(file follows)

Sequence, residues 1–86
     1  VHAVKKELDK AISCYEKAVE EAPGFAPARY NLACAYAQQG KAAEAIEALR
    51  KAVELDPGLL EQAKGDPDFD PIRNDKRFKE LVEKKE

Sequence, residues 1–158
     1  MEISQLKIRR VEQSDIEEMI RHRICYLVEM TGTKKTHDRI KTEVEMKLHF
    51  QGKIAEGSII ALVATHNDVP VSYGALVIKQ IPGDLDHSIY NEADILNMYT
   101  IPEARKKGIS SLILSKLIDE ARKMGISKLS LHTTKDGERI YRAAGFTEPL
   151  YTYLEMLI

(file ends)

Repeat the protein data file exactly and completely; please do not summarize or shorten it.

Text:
Sequence, residues 1–86
     1  VHAVKKELDK AISCYEKAVE EAPGFAPARY NLACAYAQQG KAAEAIEALR
    51  KAVELDPGLL EQAKGDPDFD PIRNDKRFKE LVEKKE

Sequence, residues 1–158
     1  MEISQLKIRR VEQSDIEEMI RHRICYLVEM TGTKKTHDRI KTEVEMKLHF
    51  QGKIAEGSII ALVATHNDVP VSYGALVIKQ IPGDLDHSIY NEADILNMYT
   101  IPEARKKGIS SLILSKLIDE ARKMGISKLS LHTTKDGERI YRAAGFTEPL
   151  YTYLEMLI